High winds also caused damage in upstate New York, according to reports.
According to media reports, the storms were part of a system that moved east from the Great Plains, where four people were killed in Oklahoma on Friday.
The National Weather Service confirmed a tornado touched down Saturday morning in Queens as a line of strong thunderstorms moved through New York City, after radar detected a “strong rotation” in a band of severe weather sweeping across neighborhoods that included Kennedy and La Guardia airports.
The general manager of the Breezy Point Surf Club said the storm ripped up cabanas along the beach and picked up industrial-sized metal trash bins, Associated Press reported.
Some of the bins were thrown hundreds of feet. On television, witnesses said the wind sounded like a train but lasted only a short time.
Nearby homes lost roofs as the storm cut a path through a nearby neighborhood, the New York Times reported.
Tornadoes in New York City are “very rare,” occurring once every couple of years, said John Wilson, a meteorologist with the New York state emergency management service. New York state averages seven to 10 tornadoes per year but is already above that average range in 2012.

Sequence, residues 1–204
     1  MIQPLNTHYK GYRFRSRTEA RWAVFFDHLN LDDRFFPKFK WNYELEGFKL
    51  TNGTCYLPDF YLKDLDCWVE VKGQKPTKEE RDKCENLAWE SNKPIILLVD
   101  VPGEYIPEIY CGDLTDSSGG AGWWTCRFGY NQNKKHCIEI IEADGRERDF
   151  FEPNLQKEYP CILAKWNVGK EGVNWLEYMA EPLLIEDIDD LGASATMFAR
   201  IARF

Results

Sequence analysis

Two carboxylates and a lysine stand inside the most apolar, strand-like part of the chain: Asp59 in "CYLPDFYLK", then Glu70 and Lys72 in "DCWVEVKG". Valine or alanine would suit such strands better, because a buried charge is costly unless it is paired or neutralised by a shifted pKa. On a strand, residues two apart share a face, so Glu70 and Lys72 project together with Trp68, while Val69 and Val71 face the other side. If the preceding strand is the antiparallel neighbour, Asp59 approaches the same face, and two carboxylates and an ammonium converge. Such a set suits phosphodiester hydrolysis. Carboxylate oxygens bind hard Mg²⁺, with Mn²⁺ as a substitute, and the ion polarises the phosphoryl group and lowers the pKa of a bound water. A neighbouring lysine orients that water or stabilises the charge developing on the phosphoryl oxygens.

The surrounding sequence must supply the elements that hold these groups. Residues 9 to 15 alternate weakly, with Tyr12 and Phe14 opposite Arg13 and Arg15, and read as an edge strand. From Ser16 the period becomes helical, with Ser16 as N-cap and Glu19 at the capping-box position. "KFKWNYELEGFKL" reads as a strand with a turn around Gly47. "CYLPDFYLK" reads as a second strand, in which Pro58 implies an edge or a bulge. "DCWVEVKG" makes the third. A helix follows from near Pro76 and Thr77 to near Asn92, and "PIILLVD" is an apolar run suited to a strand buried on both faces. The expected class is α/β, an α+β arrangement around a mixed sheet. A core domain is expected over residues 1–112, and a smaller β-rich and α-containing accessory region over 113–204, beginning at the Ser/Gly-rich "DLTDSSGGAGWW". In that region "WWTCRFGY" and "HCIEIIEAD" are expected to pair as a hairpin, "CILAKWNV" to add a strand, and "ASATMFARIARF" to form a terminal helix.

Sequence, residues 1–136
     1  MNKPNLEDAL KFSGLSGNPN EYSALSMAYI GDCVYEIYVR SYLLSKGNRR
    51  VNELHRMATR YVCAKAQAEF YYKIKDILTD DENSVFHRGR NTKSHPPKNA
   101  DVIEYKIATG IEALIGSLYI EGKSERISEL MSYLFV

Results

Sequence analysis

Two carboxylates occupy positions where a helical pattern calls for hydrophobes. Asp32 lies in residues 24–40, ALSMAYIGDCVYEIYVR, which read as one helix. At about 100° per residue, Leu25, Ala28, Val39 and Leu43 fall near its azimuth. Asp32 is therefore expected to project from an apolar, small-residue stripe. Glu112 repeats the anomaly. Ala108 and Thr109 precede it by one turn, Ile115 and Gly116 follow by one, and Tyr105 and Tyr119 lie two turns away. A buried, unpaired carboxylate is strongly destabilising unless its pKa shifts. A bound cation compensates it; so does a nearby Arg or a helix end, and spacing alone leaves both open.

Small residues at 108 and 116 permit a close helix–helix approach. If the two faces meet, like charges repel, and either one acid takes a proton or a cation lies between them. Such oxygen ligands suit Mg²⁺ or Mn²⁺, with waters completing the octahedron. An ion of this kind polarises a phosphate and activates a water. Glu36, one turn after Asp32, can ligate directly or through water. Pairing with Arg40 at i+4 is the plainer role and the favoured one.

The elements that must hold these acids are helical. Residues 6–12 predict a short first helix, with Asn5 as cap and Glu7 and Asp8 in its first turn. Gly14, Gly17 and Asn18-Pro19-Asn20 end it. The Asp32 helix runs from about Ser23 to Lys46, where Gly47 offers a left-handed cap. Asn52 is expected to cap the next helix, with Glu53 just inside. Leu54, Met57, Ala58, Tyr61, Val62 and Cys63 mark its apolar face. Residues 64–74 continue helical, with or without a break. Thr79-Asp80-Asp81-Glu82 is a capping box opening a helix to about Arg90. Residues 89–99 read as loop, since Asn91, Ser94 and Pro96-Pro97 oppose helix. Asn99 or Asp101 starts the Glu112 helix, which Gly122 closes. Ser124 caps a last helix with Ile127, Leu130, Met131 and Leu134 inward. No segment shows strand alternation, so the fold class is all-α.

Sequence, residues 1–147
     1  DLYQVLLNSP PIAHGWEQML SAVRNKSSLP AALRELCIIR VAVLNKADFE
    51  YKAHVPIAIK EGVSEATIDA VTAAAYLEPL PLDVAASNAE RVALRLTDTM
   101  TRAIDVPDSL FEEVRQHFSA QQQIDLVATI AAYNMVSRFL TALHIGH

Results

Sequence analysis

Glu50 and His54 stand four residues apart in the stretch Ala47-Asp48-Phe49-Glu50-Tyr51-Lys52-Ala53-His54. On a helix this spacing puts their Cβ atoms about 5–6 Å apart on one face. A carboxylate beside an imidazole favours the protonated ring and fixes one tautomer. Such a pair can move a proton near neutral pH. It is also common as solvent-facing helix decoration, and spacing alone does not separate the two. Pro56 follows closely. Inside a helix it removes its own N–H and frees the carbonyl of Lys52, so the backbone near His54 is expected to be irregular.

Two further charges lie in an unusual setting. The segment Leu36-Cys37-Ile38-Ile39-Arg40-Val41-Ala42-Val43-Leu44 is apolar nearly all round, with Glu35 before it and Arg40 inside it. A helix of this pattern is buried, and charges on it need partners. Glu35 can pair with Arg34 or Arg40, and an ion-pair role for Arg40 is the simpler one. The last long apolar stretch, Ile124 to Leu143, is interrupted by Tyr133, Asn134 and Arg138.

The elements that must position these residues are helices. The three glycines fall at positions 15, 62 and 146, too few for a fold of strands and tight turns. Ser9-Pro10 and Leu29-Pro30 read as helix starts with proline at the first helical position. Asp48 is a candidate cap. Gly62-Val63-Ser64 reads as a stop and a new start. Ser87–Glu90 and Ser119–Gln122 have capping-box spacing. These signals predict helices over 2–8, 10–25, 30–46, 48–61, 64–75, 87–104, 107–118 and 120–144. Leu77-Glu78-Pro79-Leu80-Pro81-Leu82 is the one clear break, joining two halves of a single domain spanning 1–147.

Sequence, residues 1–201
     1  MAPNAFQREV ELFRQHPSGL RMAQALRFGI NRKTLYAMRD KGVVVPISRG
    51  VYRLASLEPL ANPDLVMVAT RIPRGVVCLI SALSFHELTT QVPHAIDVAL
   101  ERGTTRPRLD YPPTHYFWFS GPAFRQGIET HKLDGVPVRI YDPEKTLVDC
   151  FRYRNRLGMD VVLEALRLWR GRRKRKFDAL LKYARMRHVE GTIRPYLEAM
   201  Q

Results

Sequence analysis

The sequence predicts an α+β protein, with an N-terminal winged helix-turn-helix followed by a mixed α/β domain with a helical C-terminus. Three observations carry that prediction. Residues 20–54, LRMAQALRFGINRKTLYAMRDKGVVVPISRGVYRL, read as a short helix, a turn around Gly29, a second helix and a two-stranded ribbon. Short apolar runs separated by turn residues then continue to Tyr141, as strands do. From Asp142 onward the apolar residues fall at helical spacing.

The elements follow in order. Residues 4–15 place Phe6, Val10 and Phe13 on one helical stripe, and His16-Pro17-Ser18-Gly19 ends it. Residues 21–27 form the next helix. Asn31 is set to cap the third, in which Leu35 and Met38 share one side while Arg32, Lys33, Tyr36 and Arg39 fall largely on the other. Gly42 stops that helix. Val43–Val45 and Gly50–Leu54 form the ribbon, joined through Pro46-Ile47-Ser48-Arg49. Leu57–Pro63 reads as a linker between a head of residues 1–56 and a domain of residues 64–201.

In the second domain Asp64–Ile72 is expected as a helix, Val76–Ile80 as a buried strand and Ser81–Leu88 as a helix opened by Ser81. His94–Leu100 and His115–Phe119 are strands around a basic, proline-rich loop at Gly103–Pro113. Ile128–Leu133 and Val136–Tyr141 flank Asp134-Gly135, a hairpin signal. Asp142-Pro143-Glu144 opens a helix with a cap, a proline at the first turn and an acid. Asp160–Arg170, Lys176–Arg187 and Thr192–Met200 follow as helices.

Tennis fans watching the U.S. Open tournament, being played in Queens, on television had a glimpse into the New York area’s extreme weather.
The women’s final between Serena Williams and Victoria Azarenka had already been postponed until Sunday because of rain in the forecast when a wind-tossed men’s semifinal between Novak Djokovic and David Ferrer was halted in its first set.
Just moments before the start of that match, Andy Murray had advanced — under bright sunshine — to the men’s final with a semifinal victory over Tomas Berdych.
The Djokovic-Ferrer semifinal is slated to resume at approximately 11 a.m. Eastern time Sunday, a tournament official told CBS.
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